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What’s on the Ed-Tech Horizon for 2013?

by Justin Marquis Ph.D.

I recently looked at Hack Education’s reflections on what their blogger Audrey Watters predicted would be big in 2012, compared to what actually happened.  It turns out that Audrey hit much more than she missed with her predictions, and that inspired me to make some educated guesses about what 2013 might bring for the world of educational technology. I’m far less conservative than Audrey, so some of these projections might be long shots. But that’s what makes them fun! Between the two sets of predictions, I am sure we have an accurate picture of what will occur in educational technology in 2013.

  1. iPad mini makes some miniature waves – Apple had another amazing year in 2012. The release of the iPad mini as well as a revamped and much more robust iPod Touch just in time for the holidays kept them at the top of the technology pile. But my prediction is that neither of these moderately pricey devices is going to have a significant impact in 2013 or beyond, mainly because of the high cost of Apple devices compared to the plummeting costs of other devices – namely Android tablets. See #9.
     
  2. We look beneath the Surface for inspiration – I am anxiously awaiting the release of the Microsoft Surface Pro tablet early in 2013, mainly because I want a laptop that is really a tablet, or is it a tablet that is really a laptop? Anyway, this device should be as small as a tablet and as robust as a low to middle level laptop. Most importantly,  it will run the thousands of dollars’ worth of Windows software I have previously invested in. I believe, however, that much like the Surface RT which has yet to make a major splash in the market, the Pro won’t either, mainly because of its (speculated) steep price tag (possibly $1,000+) for a tablet. That is certainly going to place it out of reach of the education market.
     
  3. Cheap tablets make technology accessible for every student –  I bought my son a Nabi Android tablet for Christmas. It was shockingly inexpensive for the features it offers and will allow him to explore the world of computers and technology on his own device. There is no good reason that similar devices cannot be made available to every single U.S. school-age child and even preschoolers. They are functional, adaptable, and most importantly useful for helping children become technologically literate. Such an effort is already underway in India, for example.
     
  4. Creation goes mainstream – If cheap tablets for kids really can make significant inroads into education, they will open up the world of creation for all children. Movies, music, books, websites, they will be able to create whatever they can imagine. Teacher training is going to be imperative in this new digital age, and should be facilitated by providing teachers with support and ongoing professional development opportunities to ensure that the transition is relatively painless.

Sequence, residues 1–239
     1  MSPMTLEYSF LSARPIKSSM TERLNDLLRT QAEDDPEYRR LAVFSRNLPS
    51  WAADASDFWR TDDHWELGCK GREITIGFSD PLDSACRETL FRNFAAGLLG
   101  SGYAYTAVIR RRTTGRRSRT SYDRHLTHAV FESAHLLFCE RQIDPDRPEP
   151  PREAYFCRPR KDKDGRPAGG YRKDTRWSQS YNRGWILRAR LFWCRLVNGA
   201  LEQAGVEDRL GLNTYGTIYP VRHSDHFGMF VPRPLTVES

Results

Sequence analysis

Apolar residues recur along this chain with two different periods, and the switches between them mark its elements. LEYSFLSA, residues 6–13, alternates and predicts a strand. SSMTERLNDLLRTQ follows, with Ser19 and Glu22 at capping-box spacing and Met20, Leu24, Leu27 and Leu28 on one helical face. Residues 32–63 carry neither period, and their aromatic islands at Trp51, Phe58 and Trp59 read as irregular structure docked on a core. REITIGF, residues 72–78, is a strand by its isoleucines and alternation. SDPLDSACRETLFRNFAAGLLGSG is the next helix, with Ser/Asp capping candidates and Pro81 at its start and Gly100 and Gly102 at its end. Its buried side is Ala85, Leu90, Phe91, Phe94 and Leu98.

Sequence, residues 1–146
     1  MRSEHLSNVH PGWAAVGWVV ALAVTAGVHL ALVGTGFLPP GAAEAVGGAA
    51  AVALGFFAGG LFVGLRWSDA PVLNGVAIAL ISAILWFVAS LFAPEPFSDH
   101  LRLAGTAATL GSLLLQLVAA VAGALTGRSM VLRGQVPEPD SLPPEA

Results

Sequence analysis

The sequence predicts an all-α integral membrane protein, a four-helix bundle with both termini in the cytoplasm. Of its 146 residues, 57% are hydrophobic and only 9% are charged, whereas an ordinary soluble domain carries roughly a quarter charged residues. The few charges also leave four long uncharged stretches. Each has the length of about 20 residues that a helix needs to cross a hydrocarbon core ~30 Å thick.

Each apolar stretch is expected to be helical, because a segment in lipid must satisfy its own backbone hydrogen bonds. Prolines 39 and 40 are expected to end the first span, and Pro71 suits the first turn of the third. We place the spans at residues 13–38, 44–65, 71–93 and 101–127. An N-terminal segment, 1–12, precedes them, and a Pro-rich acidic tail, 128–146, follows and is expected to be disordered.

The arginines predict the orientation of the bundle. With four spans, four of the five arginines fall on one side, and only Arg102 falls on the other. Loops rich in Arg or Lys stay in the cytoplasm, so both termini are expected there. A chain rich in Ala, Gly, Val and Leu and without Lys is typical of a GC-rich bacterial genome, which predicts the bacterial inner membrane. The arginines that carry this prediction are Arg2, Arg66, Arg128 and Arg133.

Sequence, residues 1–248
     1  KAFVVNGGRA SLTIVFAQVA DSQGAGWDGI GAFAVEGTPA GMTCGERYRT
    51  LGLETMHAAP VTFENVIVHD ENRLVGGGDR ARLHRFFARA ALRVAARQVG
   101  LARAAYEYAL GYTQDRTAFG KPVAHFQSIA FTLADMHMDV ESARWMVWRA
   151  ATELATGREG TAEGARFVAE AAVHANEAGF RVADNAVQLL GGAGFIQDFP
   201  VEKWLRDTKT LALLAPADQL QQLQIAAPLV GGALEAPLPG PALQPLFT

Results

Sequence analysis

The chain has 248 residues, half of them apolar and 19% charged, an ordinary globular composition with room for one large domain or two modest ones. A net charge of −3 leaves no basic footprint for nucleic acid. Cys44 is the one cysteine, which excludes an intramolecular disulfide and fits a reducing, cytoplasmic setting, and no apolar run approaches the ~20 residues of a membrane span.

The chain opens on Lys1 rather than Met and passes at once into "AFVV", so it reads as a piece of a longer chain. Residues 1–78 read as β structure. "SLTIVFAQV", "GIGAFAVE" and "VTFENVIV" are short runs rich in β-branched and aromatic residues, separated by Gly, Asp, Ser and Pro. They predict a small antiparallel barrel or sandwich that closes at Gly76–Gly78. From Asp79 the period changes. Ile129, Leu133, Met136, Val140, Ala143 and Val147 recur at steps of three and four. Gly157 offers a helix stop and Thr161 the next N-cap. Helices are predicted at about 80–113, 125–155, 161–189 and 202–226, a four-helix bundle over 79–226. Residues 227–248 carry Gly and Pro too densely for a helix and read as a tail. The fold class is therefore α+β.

5. MOOCs get credit – The early November announcement that the American Council on Education is going to attempt to determine if some MOOC offerings are equivalent to existing college courses, and thus should count for transfer credit is the first tentative step toward making all education free and easily accessible. If not in 2013, then in the near future, this move should prompt #9.
     
  6. The floodgates open – If MOOCs become an accepted route to college credit, there is going to be a gold rush that the miner 49ers would be proud of – a MOOC-rush, if you will. Every education and Internet entrepreneur is going to try to get in the game, leading to an explosion of massive online courses, and countless new models for monetizing them.
     
  7. Bigger and bigger data – There will be some who attempt to capitalize on the MOOC-rush through sophisticated reliance on big data to take the "massive" out of the MOOC and produce individualized learning content based on a wealth of data and information sources. This will throw a kink into the accreditation process for a while, but it will eventually (well beyond 2013) become the way much of this free open online learning happens.
     
  8. Educational entrepreneurs make their move – Even aside from the MOOC-rush, educational entrepreneurs are going to make a big play for power in the next year. Once enough millionaires get involved in making money through education, lobbies are going to form to create intense pressure on the government to further open up public education to private investment. That may well signal the end of education as we know it. Whether for the better or the worse remains to be seen.
     
  9. The rise of the edu-sumer – A new class of consumer will arise with this new model of learning, the edu-sumer, who is able to shop around amongst a wide array of free and paid educational offerings to select the courses, faculty members, and perks that best suit their individual needs.
     
  10. President Obama shakes things up – One man stands alone against the rising tide of educational change. Barack Obama. Will our second term President embrace the changes coming in education and guide our education system in a way that benefits most people? Or will he be inundated by the same kinds of pressures to yield that have thus far crippled true universal healthcare, and other so called "entitlements?" It is very possible that the President will get behind these movements and push education to adapt to the massive changes coming. I hope so for the benefit of us all.
     

These are my 10 bold predictions for the world of ed-tech in 2013. While some of them start to read like science fiction or the EPIC 2020 video, I think that they are all actually within the realm of possibility. If not next year, then hopefully in the near future. Stay tuned.

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Image courtesy of satit_srihin / FreeDigitalPhotos.net